"The sadistic stuff you’re watching isn’t completely victimless. Women – or, even, perhaps, men – are being exploited to gratify your desires. When pain is inflicted, it hurts. Just because it’s on film doesn’t mean it’s not real."

Dear Virginia

I’m 51, with a loving wife and four lovely children, and I’m addicted to pornography. I have everything I need: money, love, health, sex and happiness. But now and again, I log on to various websites and spend a couple of hours locked in my guilty secret. It is rough stuff, though I’ve never viewed anything involving children. Afterwards, I feel total shame and self-loathing. My family have no idea about this as I’m very careful. I am terrified of being found out, when all hell would break loose. Please help me.

Yours sincerely,  Andrew

Virginia says

Writing a letter to me has been the first step in trying to deal with this problem. But you need to tell someone else – a very close friend who you are sure you can trust, or your doctor… anyone. Just the act of telling will begin to get this addiction out of the darkness and into the light. And addictions don’t like light. Obviously, if you could tell your wife, so much the better, but I imagine that this would be a step too far.

Next, remember that just because children aren’t involved doesn’t mean that the sadistic stuff you’re watching isn’t completely victimless. Women – or, even, perhaps, men – are being exploited to gratify your desires. When pain is inflicted, it hurts. Just because it’s on film doesn’t mean it’s not real.

Now, what to do when you get the urge? Imagine your children coming in on you and watching you watching it. I would imagine that the kick you get from the pornography being tittilatingly wicked would soon diminish if you could summon up thoughts of the children every time you logged on to these sites.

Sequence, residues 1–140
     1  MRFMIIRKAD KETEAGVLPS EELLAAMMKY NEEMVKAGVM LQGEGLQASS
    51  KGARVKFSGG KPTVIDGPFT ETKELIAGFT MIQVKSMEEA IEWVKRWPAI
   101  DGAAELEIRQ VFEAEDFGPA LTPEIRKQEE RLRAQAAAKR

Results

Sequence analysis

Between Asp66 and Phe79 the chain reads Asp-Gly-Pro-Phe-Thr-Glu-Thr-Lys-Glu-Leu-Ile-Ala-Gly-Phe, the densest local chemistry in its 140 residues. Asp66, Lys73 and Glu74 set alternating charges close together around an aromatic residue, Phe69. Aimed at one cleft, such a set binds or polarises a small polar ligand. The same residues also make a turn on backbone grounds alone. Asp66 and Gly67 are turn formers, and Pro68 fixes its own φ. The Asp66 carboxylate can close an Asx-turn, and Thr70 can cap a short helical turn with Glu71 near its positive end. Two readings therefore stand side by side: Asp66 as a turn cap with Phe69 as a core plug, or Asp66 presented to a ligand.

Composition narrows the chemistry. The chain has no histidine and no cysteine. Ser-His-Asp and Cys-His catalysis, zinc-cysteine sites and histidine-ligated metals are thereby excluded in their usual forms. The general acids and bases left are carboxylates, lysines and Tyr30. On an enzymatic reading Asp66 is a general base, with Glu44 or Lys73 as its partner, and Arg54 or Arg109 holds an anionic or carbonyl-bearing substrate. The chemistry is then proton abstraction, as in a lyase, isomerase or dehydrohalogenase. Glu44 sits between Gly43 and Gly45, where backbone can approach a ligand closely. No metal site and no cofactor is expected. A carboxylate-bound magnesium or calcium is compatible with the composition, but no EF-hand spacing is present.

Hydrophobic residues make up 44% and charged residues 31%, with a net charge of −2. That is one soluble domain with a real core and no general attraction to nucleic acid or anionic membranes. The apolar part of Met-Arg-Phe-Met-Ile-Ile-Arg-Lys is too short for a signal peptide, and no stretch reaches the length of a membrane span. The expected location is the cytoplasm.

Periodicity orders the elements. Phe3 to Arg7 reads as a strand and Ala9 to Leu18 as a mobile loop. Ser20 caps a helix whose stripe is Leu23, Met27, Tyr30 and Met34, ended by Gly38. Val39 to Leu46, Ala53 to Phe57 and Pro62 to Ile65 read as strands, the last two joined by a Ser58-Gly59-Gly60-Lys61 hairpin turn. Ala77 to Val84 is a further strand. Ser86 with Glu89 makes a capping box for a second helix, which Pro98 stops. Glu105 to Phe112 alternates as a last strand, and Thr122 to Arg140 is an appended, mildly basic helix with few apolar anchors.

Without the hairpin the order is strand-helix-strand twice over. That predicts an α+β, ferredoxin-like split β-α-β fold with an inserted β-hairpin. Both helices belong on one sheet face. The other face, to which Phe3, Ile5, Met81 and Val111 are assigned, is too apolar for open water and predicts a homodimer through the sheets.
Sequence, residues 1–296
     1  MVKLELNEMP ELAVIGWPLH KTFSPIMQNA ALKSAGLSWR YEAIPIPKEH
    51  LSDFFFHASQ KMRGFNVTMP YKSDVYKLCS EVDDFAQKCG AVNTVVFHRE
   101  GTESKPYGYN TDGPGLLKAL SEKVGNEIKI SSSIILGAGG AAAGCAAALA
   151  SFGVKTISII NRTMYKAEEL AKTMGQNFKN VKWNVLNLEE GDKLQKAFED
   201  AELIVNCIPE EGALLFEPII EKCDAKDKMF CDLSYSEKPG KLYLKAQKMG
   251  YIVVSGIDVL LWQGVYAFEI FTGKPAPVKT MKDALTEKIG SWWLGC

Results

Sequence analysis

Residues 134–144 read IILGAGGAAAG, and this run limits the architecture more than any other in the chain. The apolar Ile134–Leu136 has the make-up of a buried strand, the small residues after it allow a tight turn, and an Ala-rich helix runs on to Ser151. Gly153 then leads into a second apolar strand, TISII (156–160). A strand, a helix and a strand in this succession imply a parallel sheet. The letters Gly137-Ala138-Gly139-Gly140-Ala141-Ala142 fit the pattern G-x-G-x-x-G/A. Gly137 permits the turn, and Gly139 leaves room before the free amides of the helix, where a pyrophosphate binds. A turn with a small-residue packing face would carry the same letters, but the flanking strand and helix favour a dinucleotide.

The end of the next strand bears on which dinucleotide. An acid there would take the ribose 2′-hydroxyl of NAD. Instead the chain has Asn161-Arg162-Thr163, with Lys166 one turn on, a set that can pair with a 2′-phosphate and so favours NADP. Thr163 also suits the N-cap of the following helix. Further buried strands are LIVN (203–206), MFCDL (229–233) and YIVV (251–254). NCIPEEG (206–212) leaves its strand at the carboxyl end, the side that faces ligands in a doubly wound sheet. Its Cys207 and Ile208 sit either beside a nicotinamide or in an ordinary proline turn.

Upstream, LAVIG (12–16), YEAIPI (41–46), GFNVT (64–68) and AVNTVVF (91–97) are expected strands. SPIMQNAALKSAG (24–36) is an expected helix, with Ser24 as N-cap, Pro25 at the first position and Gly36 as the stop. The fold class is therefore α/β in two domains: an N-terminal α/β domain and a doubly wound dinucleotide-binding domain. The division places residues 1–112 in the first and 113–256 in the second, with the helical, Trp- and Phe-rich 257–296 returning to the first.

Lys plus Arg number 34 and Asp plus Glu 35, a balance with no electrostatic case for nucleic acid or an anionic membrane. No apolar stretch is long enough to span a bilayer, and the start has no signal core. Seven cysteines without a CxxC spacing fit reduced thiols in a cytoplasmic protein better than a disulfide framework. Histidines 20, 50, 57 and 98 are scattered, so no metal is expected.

Then, ring someone, if you’re tempted, instead of logging on. If you join Porn Addicts Anonymous, which is a 12-step group based on the lines of Alcoholics Anonymous, you can find people who will understand when you reach out to them, who won’t judge, and who will try to persuade you to turn your mind to other things. Then, too, if one of your family does discover your addiction before, hopefully, you’ve managed to give it up, you at least have the evidence that you know it’s a problem and that you’re trying to do something about it.

Next, put a filter on your computer. Now, I know that if you put a filter on, then you can undo the filter, but it means there will be just one more barrier to logging on.

And try fantasy. Millions and millions of people indulge in sadistic or masochistic sexual fantasies, and never actually feel compelled to watch anything. They can do it all in their heads. See if you can’t practise this. It won’t be the same, but it will at least be harmless.

I have one last thought: your life sounds so irritatingly perfect that I wonder if there isn’t an element of aggression towards your wife that you’re leaking out in this behaviour? It could be a way of channelling suppressed anger towards her and, indeed, towards your idyllic life, which sounds, I hate to say, a little unreal. Would seeing a counsellor on your own help unpick some of these feelings?